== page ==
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The Wes Kleinert Fair Interview Act

A recently passed bill known as the "The Wes Kleinert Fair Interview Act" under Chapter 2016-175, requires the Florida Department of Highway Safety and Motor Vehicles (DHSMV) to issue an identification card exhibiting a special designation for a person who has a developmental disability.

The new legislation also creates Section 943.0439 to require a law enforcement officer, correctional officer, or another public safety official to make a good faith effort, upon the request of a parent, a guardian, or the individual, to ensure that specified professionals are present at all interviews of an individual diagnosed with autism or an autism spectrum disorder, etc.

This new legislation applies to victims, witnesses and defendants. The statute specifically states that the failure of law enforcement to do so is not grounds for suppression of a statement or the contents of the interview, or for a cause of action against law enforcement.

The Bill Analysis and Fiscal Impact Statement to the The Florida Senate was prepared b the Professional Staff of the Committee on Appropriations on March 1, 2016. According to the statement: 

SB 936 encourages the use of state-of-the-art digital devices to assist law enforcement, correctional, or other public safety officials in quickly identifying individuals who have been diagnosed with autism, an autism spectrum disorder, or a related developmental disability and notifying the family members, caregivers, and primary intervention professionals of these individuals when a crisis occurs. 

The bill requires that professionals with experience in treating, teaching, or assisting persons with autism, an autism spectrum disorder, or a related developmental disability be present to assist law enforcement and other public safety officials whether the individual being interviewed is the victim of a crime, the suspect in a crime, or the defendant formally accused of a crime. 

Present Situation: 

The Center for Disease Control (CDC) estimates that 1 in 68 children have been identified with Autism Spectrum Disorder (ASD).The CDC defines “Autism spectrum disorder” as a developmental disability that can cause significant social, communication, and behavioral challenges. Though there is nothing about how ASD people look that sets them apart from other people, the CDC states that people with ASD may communicate, interact, behave, and learn in ways that are different from most other people. The range of abilities of people with ASD can span from gifted to severely challenged.

Though formerly diagnosed separately, autistic disorder, pervasive developmental disorder, and Asperger syndrome are now included in the diagnosis of ASD.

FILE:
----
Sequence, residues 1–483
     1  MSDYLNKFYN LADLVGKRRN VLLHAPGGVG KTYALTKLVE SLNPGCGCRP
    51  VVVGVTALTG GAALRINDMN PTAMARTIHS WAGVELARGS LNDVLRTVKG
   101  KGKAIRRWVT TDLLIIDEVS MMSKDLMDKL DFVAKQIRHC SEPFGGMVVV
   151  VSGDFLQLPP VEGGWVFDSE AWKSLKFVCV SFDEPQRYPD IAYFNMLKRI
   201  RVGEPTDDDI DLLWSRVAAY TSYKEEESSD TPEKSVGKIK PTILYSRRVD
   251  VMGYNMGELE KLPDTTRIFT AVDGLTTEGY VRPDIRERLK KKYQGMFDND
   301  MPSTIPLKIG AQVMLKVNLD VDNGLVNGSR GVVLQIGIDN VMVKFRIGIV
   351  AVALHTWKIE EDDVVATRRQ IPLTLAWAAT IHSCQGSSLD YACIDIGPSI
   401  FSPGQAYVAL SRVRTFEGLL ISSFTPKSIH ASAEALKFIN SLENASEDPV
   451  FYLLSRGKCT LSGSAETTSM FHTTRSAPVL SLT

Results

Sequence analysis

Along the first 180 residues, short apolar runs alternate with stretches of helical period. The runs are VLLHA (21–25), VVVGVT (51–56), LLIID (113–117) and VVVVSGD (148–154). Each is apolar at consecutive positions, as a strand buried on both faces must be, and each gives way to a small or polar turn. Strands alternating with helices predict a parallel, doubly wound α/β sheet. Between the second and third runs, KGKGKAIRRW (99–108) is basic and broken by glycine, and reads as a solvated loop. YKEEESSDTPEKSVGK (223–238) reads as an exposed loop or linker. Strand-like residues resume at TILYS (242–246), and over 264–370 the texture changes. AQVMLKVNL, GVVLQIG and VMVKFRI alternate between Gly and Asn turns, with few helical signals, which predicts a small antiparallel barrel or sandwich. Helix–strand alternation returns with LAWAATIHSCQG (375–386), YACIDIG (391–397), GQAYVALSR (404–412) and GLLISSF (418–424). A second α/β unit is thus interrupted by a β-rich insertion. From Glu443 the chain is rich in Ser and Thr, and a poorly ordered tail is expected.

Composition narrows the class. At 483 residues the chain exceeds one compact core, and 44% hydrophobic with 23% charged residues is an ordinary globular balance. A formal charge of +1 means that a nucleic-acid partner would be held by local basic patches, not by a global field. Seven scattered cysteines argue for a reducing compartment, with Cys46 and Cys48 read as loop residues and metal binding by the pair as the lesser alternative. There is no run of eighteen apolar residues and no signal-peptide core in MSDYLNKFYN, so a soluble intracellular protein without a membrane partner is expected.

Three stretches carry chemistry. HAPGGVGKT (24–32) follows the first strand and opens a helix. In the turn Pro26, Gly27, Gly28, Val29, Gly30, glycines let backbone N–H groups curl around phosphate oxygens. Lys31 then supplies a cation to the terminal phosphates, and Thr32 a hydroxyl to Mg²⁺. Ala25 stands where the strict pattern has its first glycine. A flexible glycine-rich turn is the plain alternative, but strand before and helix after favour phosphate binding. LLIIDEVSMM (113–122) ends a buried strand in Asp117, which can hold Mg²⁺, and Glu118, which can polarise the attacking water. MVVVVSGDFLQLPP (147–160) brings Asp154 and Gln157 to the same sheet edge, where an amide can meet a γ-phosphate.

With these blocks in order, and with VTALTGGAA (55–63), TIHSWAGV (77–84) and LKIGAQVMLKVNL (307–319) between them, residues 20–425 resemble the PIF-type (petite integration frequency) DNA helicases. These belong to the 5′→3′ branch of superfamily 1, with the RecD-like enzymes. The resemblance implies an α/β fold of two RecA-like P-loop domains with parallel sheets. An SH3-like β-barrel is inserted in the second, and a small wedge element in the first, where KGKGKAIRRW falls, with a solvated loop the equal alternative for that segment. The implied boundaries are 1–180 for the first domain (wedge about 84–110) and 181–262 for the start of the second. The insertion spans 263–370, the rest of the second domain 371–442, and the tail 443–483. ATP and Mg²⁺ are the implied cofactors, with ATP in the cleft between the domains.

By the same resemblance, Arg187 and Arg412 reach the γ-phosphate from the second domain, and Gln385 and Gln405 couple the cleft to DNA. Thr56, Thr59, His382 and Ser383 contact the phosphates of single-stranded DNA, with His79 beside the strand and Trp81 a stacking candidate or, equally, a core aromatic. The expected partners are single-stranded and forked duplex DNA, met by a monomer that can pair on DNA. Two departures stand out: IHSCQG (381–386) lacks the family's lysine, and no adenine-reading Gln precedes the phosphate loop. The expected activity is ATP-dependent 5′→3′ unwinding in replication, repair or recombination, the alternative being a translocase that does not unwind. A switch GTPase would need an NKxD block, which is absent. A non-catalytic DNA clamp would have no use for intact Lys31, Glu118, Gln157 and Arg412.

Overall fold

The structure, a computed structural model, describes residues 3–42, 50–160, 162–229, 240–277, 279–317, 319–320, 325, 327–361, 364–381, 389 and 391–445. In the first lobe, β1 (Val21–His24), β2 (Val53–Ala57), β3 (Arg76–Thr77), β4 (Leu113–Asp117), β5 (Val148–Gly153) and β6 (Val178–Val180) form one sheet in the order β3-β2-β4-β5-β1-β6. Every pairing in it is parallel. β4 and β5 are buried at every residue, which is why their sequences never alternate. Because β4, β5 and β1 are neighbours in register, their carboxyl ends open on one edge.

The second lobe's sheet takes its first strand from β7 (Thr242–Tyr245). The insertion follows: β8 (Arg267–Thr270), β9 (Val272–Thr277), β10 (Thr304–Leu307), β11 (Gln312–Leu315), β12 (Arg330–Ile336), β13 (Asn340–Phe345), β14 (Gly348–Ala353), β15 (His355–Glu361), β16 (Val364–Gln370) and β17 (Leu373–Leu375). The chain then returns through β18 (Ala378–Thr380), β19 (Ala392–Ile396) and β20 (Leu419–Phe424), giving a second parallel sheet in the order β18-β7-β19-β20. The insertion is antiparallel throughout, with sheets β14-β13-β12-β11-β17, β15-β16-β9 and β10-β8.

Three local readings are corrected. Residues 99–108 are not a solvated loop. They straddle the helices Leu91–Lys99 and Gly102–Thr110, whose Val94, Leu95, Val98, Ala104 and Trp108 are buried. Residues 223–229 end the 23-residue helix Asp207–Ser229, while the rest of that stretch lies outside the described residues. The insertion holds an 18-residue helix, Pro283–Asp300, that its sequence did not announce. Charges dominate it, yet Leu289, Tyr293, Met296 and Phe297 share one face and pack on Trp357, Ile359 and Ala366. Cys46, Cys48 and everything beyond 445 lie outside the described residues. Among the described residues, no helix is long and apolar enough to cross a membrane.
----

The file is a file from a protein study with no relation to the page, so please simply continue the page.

The following definitions are codified in Florida law: 

“Autism” is defined as a pervasive, neurologically based developmental disability of extended duration which causes severe learning, communication, and behavior disorders with age of onset during infancy or childhood. Individuals with autism exhibit impairment in reciprocal social interaction, impairment in verbal and nonverbal communication and imaginative ability, and a markedly restricted repertoire of activities and interests.

“Developmental disability” is defined as a disorder or syndrome that is attributable to intellectual disability, cerebral palsy, autism, spina bifida, or Prader-Willi syndrome; that manifests before the age of 18; and that constitutes a substantial handicap that can reasonably be expected to continue indefinitely.

“Autism spectrum disorder” is any of the following disorders as defined in the most recent edition of the Diagnostic and Statistical Manual of Mental Disorders of the American Psychiatric Association: 

1. Autistic disorder;
2. Asperger’s syndrome; and
3. Pervasive developmental disorder not otherwise specified.

Effect of Proposed Changes: 

The bill, cited the act as the “Wes Kleinert Fair Interview Act,” encourages the use of state-of-the-art digital devices, such as bracelets, necklaces, and pocket cards that are similar to those kept upon the person of individuals who have certain medical conditions or age-related disabilities, to assist law enforcement, correctional, or other public safety officials and other concerned persons in quickly identifying individuals who have been diagnosed with autism, an autism spectrum disorder, or a related developmental disability and notifying the family members, caregivers, and primary intervention professionals of these individuals when a crisis occurs. 

The bill requires that professionals with experience in treating, teaching, or assisting persons with autism, an autism spectrum disorder, or a related developmental disability be present to assist law enforcement and other public safety officials whether the individual being interviewed is the victim of a crime, the suspect in a crime, or the defendant formally accused of a crime.


This article was last updated on Tuesday, September 20, 2016.